In the Second Report on the Health of Canadians, Toward
a Healthy Future, literacy for the first time was identified as one of
the determinants of health. This document prepared by the Federal, Provincial
and Territorial Advisory Committee on Population Health (ACPH) emphasizes
the influence of gender and socioeconomic status on health including literacy,
education, employment, housing and income (Health Canada, 1999).
The influence of low literacy on health has far-reaching implications.
Persons with higher literacy skills may maintain better health because
of their ability to understand health information, practice preventive
health, and make appropriate choices among health care options. The direct
impacts of low literacy on health are:
- Incorrect use of medication,
- Not following health instructions, and
- Safety risks.
The indirect impacts include poverty, unhealthy lifestyle practices, stress, dangerous work environments, low self-esteem, and lack or inappropriate use of health services (Canadian Public Health Association, 1998).
Thank you to the National Literacy and Health Program for their assistance
in reviewing and editing this article.
Government of Canada (1999). Toward a Healthy Future. Second report on the health of Canadians. Ottawa, ON: Health Canada Publications.
The Canadian Public Health Association (1998). Easy Does It! Plain Language and Clear Verbal Communication Training Manual. Ottawa, ON: CPHA.
National Literacy and Health Program Web site
The Canadian Public Health Association's National Literacy and Health Program (NLHP) promotes awareness among health professionals of the links between literacy and health. The Program provides resources to help health professionals use clear verbal communication techniques and plain language health information in their practice. CAOT is one of 27 national health associations who partner with NLHP to raise awareness about literacy and health.
The following resources are available from:
The National Literacy and Health Program
Canadian Public Health Association Health Resources Centre
400-1565 Carling Avenue, Ottawa, ON K1Z 8R1
Tel. (613) 725-3769 Fax. (613) 725-9826
- Easy Does It! Plain Language and Clear Verbal Communication Package includes: Training Manual, CD-ROM version of PlainoWord (plain language box game), video Face-to-Face.
- Directory of Plain Language Health Information.
- Working with Low Literacy Seniors: Practical strategies for Health Providers.
- Creating Plain Language Forms for Seniors.
- What the HEALTH! A story-based literacy and health resource for youth.
Many of the resources are available in English and French.
To help raise awareness about this important issue see the Health Literacy
Toolbox 2000 web site: http://www.prenataled.com/healthlit/default.asp.
Nine Steps to Making Your Information Easier to Read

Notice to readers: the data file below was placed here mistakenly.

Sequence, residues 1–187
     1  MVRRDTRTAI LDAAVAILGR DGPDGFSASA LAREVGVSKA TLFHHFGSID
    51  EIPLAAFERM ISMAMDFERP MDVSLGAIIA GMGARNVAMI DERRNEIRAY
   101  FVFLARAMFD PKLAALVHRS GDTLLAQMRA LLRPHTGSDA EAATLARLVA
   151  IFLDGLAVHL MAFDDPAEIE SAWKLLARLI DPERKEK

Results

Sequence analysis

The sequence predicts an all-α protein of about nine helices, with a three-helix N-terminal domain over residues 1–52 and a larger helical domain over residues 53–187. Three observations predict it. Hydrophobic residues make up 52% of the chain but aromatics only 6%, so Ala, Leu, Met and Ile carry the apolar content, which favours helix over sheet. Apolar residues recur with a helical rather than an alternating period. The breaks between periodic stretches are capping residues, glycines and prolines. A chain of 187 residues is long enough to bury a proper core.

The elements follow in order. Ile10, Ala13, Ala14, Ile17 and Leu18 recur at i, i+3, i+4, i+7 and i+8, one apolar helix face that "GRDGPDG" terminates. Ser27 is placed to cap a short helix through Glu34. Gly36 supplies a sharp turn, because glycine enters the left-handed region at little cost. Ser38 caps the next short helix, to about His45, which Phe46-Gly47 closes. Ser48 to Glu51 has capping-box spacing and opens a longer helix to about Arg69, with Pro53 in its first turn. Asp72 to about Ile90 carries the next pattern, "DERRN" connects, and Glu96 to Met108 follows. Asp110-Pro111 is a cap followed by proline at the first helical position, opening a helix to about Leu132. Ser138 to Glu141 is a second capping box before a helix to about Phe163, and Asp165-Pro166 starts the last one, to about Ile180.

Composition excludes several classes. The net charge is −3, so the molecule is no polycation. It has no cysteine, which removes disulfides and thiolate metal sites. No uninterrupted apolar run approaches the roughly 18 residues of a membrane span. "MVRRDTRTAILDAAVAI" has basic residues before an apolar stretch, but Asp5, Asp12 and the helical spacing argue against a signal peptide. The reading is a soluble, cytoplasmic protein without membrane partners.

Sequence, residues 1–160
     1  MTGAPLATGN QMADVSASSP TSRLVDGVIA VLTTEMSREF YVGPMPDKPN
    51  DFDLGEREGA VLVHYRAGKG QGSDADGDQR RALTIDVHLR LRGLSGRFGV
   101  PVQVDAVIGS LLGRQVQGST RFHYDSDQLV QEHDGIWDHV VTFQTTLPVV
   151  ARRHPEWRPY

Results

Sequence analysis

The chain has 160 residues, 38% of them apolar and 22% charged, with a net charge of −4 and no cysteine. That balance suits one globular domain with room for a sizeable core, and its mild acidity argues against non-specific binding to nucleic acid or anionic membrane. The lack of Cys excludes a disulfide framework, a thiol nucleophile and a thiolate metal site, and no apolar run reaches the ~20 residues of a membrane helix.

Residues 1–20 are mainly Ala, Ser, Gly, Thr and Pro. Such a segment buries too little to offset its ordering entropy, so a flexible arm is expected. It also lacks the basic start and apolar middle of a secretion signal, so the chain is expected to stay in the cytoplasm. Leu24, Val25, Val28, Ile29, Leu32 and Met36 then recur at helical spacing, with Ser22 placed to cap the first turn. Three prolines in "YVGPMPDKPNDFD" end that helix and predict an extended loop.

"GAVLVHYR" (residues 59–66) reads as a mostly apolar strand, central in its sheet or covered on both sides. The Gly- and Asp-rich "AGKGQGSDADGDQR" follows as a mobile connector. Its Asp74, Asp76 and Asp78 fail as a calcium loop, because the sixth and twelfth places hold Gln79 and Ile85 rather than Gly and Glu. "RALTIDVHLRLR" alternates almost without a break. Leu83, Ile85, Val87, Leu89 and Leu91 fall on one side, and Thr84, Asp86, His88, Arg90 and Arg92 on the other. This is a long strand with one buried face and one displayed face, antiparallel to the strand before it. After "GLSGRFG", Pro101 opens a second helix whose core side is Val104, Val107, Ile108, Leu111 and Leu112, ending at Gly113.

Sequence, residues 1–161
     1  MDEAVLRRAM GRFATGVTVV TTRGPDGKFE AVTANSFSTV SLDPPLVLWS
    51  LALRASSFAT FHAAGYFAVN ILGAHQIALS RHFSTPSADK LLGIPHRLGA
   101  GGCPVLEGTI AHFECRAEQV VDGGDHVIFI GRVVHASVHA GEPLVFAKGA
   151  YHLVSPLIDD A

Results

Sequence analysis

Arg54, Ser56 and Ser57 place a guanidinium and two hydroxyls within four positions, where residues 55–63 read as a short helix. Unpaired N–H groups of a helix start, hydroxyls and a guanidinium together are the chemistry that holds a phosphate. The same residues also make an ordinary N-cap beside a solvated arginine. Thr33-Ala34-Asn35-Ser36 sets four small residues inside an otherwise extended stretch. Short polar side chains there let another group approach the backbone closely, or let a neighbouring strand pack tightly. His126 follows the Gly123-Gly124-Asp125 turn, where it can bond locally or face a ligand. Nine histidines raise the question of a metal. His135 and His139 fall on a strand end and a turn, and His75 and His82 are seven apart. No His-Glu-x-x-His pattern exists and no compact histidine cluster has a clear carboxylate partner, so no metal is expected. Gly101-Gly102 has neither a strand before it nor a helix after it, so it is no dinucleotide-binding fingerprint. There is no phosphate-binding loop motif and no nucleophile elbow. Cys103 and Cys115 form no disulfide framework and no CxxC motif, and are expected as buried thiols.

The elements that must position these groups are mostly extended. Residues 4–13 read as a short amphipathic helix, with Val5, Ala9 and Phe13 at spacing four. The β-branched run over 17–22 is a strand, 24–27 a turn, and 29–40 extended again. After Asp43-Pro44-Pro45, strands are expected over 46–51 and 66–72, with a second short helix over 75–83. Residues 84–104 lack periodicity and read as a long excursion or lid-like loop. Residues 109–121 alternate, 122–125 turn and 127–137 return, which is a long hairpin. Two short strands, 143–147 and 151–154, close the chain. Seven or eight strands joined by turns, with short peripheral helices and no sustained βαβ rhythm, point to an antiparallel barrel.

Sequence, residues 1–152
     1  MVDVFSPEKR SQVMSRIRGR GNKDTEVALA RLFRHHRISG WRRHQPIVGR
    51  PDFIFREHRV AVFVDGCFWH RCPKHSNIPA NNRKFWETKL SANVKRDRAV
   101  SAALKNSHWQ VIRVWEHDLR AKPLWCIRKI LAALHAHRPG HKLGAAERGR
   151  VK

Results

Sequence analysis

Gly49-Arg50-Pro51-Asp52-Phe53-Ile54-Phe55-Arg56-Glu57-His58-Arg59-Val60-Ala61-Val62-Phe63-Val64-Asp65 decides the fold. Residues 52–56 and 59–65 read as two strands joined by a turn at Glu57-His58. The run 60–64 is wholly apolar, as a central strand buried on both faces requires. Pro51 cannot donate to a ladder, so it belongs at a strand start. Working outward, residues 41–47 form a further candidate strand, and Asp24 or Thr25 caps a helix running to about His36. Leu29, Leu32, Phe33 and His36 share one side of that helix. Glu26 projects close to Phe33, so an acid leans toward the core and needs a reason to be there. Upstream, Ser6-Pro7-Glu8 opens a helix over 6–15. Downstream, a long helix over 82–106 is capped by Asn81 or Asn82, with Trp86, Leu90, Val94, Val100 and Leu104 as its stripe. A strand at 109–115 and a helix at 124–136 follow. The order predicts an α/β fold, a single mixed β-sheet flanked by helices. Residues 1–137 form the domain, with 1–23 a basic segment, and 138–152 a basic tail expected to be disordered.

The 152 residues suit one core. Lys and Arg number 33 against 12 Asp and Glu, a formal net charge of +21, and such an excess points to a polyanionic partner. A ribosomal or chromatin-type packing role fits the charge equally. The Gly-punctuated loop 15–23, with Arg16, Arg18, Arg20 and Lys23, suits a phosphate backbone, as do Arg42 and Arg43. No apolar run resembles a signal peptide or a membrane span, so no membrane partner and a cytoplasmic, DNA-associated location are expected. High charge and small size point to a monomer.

When preparing print and communication for the general public, material should be written at a Grade 4-6 level. To make your information easy to read the National Literacy and Health Program also recommends the following:
1. Use the active voice, not the passive.
Instead of: These hand activities are to be done
twice a day.
Use: Do these hand activities twice a day.
2. Use short words and short sentences.
Instead of: A child should use a slanted work-surface to encourage an upright posture; this will help to control their arms and hands for printing.
Use: A slanted work-surface helps the child sit straight. This will help control arms and hands for printing.
3. Use common words rather than technical
Instead of: Avoid static postures and change position frequently to reduce joint stress.
Use: Moving around now and then can help reduce pressure on your joints.
4. Use a positive tone whenever possible.
Instead of: Do not rush the person with Alzheimer's Dementia.
Use: Take your time when you are with a person with Alzheimer's Dementia.
5. Give people practical information rather than the philosophy of treatment.
Instead of: Occupational therapy enables people to resume meaningful daily occupations that they enjoyed prior to their illness or injury.
Use: Occupational therapy helps you do the activities that are important to you.
6. Write directly to your reader. Use the words you, I, we, us, and our to make your document more personal.
Instead of: Patients are asked to register with the occupational therapy office before entering the treatment area.
Use: Please register at the occupational therapy office before your appointment.
7. Use simple layout styles to help your reader.
- Point form, bold type and underlining can
highlight your most important points.
- Use italics or BLOCK LETTERS for emphasis, but not for long pieces of text, because it makes it more difficult for the reader to recognize the shape of words.
- Organize text so that there is white space around it and between the lines. Align text with the left margin, and don't hyphenate.
8. Use illustrations and graphics effectively.
They should appear close to the text in order to help the reader understand it.
9. Test what you write.
Ask someone else to read and comment on what you write. Test your draft
with people from your targe audience. This will tell you if your audience
wants to read your work, if they can read it, and if it's useful to them.
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September / October 2000 Table
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